In 1619, a ship called the White Lion arrived in Hampton, Virginia carrying human cargo. They’d been captured from a Portuguese slave ship and were sold to plantations throughout the Tidewater region of the state.
There is some debate about whether these 20 or so people were indentured servants or not, but they certainly were brought against their will. Slavery had made its way to America.
In 1860, the American Civil War officially began as shots were fired from Fort Sumter and South Carolina succeeded. In the spring of the following year, Virginia did the same.
The group of slaves had entered the new America at what later became Fort Monroe, which was established around 1812 for its strategic coastal location.
Once the state became a part of the Confederate States of America, President Lincoln ordered the Union troops to fortify it against the surrounding “rebels.”
On May 27 of 1861, a group of three men bravely crossed the waters of Hampton Roads harbor in a small wooden ship from Confederate-occupied Norfolk to get to Union-occupied Fort Monroe.
Their names were Frank Baker, James Townsend, and Sheppard Mallory. They risked getting fired at from warring ships in the small hope that they’d be granted freedom if they reached the fort. To the same place their ancestors had arrived in shackles.
They came before Major General Benjamin Butler, who had just come to the position from Baltimore. When the slave owner found out that they had escaped, he demanded that his property be returned to him.
But Butler argued that because Virginia had succeeded, the Fugitive Slave Law did not apply. The slaves were being used to built fortifications at the base, so Butler called them contraband of war.
Some slaves decided to join the army’s Colored Troops after finding their freedom at Fort Monroe, or Freedom’s Fortress as it came to be known. By the fall of that year, camps were established for these freed slaves. And in 1865 at the war’s end, an estimated 10,000 people lived at the Grand Contraband Camp.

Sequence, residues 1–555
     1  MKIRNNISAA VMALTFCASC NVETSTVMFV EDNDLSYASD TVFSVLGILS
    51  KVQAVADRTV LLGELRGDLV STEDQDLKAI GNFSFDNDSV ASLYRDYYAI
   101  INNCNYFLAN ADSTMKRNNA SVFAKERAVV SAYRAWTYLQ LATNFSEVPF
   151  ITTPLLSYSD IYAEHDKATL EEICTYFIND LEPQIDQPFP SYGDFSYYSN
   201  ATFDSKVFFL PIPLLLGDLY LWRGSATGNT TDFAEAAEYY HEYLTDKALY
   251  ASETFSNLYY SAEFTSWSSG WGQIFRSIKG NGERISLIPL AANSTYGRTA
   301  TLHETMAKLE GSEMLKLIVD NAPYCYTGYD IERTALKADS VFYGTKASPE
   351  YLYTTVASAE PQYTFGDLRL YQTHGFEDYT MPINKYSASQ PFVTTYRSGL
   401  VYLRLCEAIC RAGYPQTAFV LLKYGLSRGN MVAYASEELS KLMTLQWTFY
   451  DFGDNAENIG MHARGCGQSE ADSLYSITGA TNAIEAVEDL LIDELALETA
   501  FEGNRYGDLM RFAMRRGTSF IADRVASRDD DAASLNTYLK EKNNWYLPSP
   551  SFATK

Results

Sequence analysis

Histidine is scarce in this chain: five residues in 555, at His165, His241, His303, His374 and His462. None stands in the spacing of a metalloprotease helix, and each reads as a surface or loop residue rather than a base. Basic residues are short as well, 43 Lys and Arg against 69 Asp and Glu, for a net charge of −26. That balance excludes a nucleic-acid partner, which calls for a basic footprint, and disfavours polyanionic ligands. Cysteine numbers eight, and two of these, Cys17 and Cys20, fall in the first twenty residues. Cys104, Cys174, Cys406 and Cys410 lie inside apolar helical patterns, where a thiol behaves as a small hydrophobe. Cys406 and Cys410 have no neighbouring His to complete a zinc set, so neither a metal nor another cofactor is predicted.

In 1863 after the Emancipation Proclamation was read at the Emancipation Oak in Hampton. A woman named Mary S. Peake was hired as a teacher for this community, pioneering education. These meetings led to the establishment of the Hampton Institute, now Hampton University. It’s one of the leading historically black colleges and universities.
This decision made by a Union general forever changed the lives of the people of Hampton. The descendants of the original slaves that arrived in the city are still residents of the area. They have family cemeteries dating back to the 1600s. A historic marker sits near the spot where the White Lion arrived four hundred years ago.
Fort Monroe itself was decommissioned as an active army base in 2011. Some of the historic buildings remain as residences but the majority of the others are for lease, standing vacant since the military’s departure. It’s like a ghost town and time capsule all at once.
Fort Monroe isn’t as well known as other points of entry like the Statue of Liberty. They weren’t welcomed as the tired, poor, or huddled masses from Europe. Instead, they were brought against their will to a faraway place where they didn’t know the language and were separated from their families.
It’s an important reminder of how Africans arrived in America. This Virginia landmark also signifies the impact that one person can have on the course of history.